• The 4 main key marine habitats that are encountered in South Africa, Rocky reefs and shore, sandy beaches and bottoms, kelp forests which are a keystone species in the region, and the open water. As well as the 4 main intertidal zones; the Littorina zone, the upper balanoid zone, the lower balanoid zone, and the infratial or subtidal zone. The levels of biodiversity in this region are associated with the difference in land and sea temperatures with warm air and cold waters and visa versa, the stability in the ecosystems and how the ecosystems vary from west to east. The west is largely kelp forests, granita beaches, and sandy beaches while the east coast has a large amount of reef systems. This leads to a increased species diversity in the east with a lower species diversity in the west, however the west coast species occur in larger numbers than in the east.
    • We also did a quick refresher in dive safety and signals.



  • Topics covered
    • Introduction to scientific diving with various survey methods such as the different types of quadrat and transects, random diver surveys, and the use of BRUVs. As well as the simple goals and purposes of conducting research.
  • Activities
    • Lecture in the morning over intro to scientific diving
    • Intro to scientific diving dive in the afternoon at Long Beach using a transect quadrat method.
  • What I learned
    • Reviewed the various types of survey methods as well as the purpose for each of the following: stratified sampling, random sampling, roving diver, quadrat deployment, transect deployment, and the use of BRUVs. Covered the use of scientific diving and the goals of data collection such as the dive objectives of observations, collection, and manipulation.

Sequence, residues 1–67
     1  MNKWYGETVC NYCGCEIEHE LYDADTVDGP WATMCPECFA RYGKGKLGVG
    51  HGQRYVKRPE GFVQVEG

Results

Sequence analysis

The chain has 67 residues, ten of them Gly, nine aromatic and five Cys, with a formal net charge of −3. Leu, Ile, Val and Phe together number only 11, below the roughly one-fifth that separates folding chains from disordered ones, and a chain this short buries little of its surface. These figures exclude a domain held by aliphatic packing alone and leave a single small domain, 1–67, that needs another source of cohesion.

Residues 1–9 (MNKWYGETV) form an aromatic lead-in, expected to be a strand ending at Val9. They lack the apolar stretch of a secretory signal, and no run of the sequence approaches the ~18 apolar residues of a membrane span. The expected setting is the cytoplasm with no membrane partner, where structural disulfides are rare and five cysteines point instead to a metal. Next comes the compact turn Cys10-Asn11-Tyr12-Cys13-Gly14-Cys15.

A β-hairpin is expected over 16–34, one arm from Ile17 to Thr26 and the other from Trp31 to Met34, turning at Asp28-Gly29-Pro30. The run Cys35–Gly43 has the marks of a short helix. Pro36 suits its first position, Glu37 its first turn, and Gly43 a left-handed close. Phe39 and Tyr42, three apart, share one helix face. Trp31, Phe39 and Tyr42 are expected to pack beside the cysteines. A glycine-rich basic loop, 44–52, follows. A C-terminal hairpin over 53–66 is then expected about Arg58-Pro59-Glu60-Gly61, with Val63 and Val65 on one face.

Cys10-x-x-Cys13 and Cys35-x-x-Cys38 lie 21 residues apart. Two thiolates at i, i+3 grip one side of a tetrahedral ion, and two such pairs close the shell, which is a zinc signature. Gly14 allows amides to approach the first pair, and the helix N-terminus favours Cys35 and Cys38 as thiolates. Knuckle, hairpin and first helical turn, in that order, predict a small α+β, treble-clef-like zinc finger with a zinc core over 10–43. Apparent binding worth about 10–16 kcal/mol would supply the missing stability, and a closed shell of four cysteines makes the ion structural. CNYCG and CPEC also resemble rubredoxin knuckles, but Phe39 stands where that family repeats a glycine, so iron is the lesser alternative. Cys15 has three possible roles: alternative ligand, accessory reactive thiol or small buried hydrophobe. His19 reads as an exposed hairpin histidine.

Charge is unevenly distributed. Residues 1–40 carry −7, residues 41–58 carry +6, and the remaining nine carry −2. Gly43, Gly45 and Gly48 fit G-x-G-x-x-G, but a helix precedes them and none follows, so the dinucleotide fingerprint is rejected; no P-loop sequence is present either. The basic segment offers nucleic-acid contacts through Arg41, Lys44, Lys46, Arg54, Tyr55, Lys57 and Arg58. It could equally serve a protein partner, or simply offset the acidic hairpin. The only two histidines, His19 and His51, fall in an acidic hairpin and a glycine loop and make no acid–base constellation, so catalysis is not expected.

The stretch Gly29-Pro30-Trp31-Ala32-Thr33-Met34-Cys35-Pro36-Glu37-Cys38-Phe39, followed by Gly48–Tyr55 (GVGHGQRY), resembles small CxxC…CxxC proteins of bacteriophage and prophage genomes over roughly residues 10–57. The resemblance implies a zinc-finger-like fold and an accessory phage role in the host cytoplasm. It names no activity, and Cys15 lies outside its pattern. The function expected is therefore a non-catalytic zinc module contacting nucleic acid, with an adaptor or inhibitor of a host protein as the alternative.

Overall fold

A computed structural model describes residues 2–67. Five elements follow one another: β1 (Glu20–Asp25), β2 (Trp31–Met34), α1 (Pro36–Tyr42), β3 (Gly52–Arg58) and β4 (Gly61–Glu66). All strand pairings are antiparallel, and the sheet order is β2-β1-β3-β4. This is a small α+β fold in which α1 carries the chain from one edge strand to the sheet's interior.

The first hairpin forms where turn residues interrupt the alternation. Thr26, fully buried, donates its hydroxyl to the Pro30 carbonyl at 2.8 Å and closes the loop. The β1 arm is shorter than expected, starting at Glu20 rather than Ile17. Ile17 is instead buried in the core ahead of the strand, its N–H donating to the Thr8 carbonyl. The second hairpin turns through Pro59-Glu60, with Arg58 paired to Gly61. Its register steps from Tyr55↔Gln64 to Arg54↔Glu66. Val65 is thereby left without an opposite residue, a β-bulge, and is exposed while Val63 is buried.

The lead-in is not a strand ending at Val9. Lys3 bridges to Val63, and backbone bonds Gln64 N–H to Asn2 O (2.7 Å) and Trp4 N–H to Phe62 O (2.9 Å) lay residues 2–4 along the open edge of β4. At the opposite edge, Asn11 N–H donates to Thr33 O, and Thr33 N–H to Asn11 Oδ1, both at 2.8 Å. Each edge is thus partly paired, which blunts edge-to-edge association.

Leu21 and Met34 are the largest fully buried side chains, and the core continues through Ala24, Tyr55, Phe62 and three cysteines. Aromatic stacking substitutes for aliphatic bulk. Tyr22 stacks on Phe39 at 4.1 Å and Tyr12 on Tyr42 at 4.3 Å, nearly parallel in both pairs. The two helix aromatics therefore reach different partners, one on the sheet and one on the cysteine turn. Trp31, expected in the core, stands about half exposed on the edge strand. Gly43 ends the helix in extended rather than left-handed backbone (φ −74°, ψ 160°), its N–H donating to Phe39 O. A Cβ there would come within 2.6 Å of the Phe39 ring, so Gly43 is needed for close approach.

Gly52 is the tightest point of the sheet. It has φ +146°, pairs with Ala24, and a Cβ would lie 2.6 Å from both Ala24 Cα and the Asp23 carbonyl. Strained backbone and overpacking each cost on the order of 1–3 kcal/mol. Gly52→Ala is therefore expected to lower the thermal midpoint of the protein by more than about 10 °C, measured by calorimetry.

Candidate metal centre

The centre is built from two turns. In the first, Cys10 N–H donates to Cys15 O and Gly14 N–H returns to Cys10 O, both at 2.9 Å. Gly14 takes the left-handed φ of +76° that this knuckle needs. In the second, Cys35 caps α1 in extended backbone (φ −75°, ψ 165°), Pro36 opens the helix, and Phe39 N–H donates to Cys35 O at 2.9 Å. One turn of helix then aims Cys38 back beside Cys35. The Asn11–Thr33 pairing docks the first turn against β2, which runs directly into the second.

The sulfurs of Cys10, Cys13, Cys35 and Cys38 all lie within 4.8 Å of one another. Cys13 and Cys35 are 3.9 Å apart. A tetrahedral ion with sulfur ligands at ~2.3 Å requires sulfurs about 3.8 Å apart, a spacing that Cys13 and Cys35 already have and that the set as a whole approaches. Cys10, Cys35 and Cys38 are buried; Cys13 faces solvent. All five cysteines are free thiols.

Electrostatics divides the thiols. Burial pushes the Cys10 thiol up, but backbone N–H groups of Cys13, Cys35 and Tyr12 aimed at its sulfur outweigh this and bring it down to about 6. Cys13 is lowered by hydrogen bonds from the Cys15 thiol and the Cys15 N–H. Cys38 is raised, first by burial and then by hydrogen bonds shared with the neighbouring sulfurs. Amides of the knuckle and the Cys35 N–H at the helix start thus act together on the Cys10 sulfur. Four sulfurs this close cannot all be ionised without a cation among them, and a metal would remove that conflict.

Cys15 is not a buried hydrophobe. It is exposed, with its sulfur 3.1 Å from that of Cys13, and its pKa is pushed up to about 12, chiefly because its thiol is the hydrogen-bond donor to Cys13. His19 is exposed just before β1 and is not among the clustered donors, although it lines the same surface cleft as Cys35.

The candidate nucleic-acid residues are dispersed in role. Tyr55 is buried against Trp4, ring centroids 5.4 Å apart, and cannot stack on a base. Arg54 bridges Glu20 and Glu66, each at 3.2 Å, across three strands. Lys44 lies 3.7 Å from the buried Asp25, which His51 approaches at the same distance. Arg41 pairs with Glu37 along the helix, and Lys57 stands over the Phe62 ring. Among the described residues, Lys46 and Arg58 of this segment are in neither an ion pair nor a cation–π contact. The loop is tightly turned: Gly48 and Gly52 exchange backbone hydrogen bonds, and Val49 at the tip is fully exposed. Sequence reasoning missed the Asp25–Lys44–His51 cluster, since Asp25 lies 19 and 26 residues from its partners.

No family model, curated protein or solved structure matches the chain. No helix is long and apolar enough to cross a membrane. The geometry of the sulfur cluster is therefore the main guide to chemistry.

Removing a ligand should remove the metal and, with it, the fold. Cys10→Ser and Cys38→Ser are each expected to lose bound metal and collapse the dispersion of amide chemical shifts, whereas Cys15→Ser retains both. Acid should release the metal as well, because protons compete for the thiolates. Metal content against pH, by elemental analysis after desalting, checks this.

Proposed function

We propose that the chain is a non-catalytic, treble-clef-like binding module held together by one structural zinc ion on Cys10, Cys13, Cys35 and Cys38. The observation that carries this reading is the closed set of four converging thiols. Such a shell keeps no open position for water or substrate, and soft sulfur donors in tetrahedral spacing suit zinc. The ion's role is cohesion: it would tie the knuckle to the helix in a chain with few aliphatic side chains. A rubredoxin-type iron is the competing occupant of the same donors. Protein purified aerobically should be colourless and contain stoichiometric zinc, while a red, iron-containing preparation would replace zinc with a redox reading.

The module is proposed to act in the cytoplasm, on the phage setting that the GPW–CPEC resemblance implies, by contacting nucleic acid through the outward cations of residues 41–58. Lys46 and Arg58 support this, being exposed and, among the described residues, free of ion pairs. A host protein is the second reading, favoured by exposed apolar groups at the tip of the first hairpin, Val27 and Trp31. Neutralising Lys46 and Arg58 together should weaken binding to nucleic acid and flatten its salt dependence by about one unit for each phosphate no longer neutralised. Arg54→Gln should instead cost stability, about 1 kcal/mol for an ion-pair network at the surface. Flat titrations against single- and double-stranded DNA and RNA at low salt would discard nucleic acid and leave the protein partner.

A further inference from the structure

Students training in data collection techniques on SCUBA


  • Topics covered
    • Introduction to project: Influence of Grazer abundance on kelp density
  • Activities
    • Lecture introducing research project
    • Snorkel survey of kelp density in afternoon using quadrat
  • What I learned
    • The various species of kelp found in South Africa with the two most common being sea bamboo and sea fan. The use of monitoring the relationship between urchins and kelp is to due to a potential regime shift due that have already been seen in Australia, Tasmania, and Spain primarily due to ocean warming. The aim of the project is to quantify the extent of urchin patches and associated algal biomass in False Bay kelp forests and examine relationship between densities of urchins relative to attached kelp, understory algae and kelp recruits. How the use of satellite imagery such as LANDSAT and MESMA combined with computer imagery can be used to estimate surface kelp density.


  • Topics covered
    • Measuring Biomass
    • How to create scientific research question
  • Activities
    • Introduction/Review of simple biomass and ecology lecture covering importance of biomass, types of diversity, species richness and evenness, K vs R species, and the use of Shannon-Weiner, Simpson’s and Jaccard’s indices to describe communities.
    • Create a research question
    • Afternoon dive at A-frame to survey using quadrat transect method on the types of algal/kelp cover and urchin abundance.
    • Afternoon hike
  • What I learned